We’d chosen Ko Tao to take our Open Water diving qualification, because it’s basically the cheapest place in the world to take it. And we got lucky in booking with a really great school (who’d been recommended by fellow travellers), in the last week before they closed for the off-season. This meant that we had our OWN INSTRUCTOR for just Sam and I, and a half-empty boat when we went out on dives, so nice and stress-free.
Our first impressions of Ko Tao weren’t great, when we arrived at the main dock to find a heaving tourist hub, inflated accommodation prices (pushed up by the sheer amount of divers on the island) and backpackers EVERYWHERE. But, resilient as ever, we pounded the streets for an hour or so (despite it already being way into the evening) bargaining with hostel owners until we found a very sweet lady willing to cut us a deal on a surprisingly posh room!
The next day we were picked up by our dive school and taken to Big Bubble’s head quarters, on a much quieter cove further South on the island. We signed some terrifying waivers and met our Belgian dive instructor, Ollie. The first day of school was all theory, with Sam and I left in a TV room to watch some NERVE-WRACKING SSI training material – basically a 90s style video teaching us about oxygen decompression and nitrogen build-up and all the terrifying things that can happen when diving. Made worse by the fact the school offered free coffee and we were WIRED!!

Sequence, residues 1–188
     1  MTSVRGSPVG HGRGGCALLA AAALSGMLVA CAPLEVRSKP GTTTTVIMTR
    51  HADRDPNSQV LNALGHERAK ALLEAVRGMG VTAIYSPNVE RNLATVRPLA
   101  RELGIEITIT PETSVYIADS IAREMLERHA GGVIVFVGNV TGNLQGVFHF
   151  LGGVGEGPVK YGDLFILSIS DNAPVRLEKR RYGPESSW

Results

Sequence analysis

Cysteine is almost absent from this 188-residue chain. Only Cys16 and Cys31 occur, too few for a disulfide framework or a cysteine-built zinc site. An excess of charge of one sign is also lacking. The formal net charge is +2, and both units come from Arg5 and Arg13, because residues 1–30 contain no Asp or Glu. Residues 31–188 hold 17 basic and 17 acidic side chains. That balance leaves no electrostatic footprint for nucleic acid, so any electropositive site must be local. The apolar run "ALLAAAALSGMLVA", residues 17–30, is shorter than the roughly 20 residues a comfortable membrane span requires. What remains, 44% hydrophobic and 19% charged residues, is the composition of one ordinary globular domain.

Day 2 we spent the morning checking over homework from our theory, then in the afternoon we had our FIRST DIVES! We took the boat out to our dive spot which was pretty scenic, then had our first taste of trying on all the gear (seriously heavy!), completing ‘buddy checks’ on each other, jumping off the boat, and sinking under water. The feeling of adding a ton of weight to your belt then voluntarily jumping into the sea is pretty weird at first!
In the first dive you learn skills and try and find your natural buoyancy. After adding some more kilograms to my belt, I found my natural buoyancy pretty easily, but was more scared by the skills. Sam was the reverse – a real natural at skills, but struggled with maintaining balance, and on the first day Ollie often had to save him from floating off to the surface! The feeling of inhaling to go up and exhaling to go down was pretty surreal at first!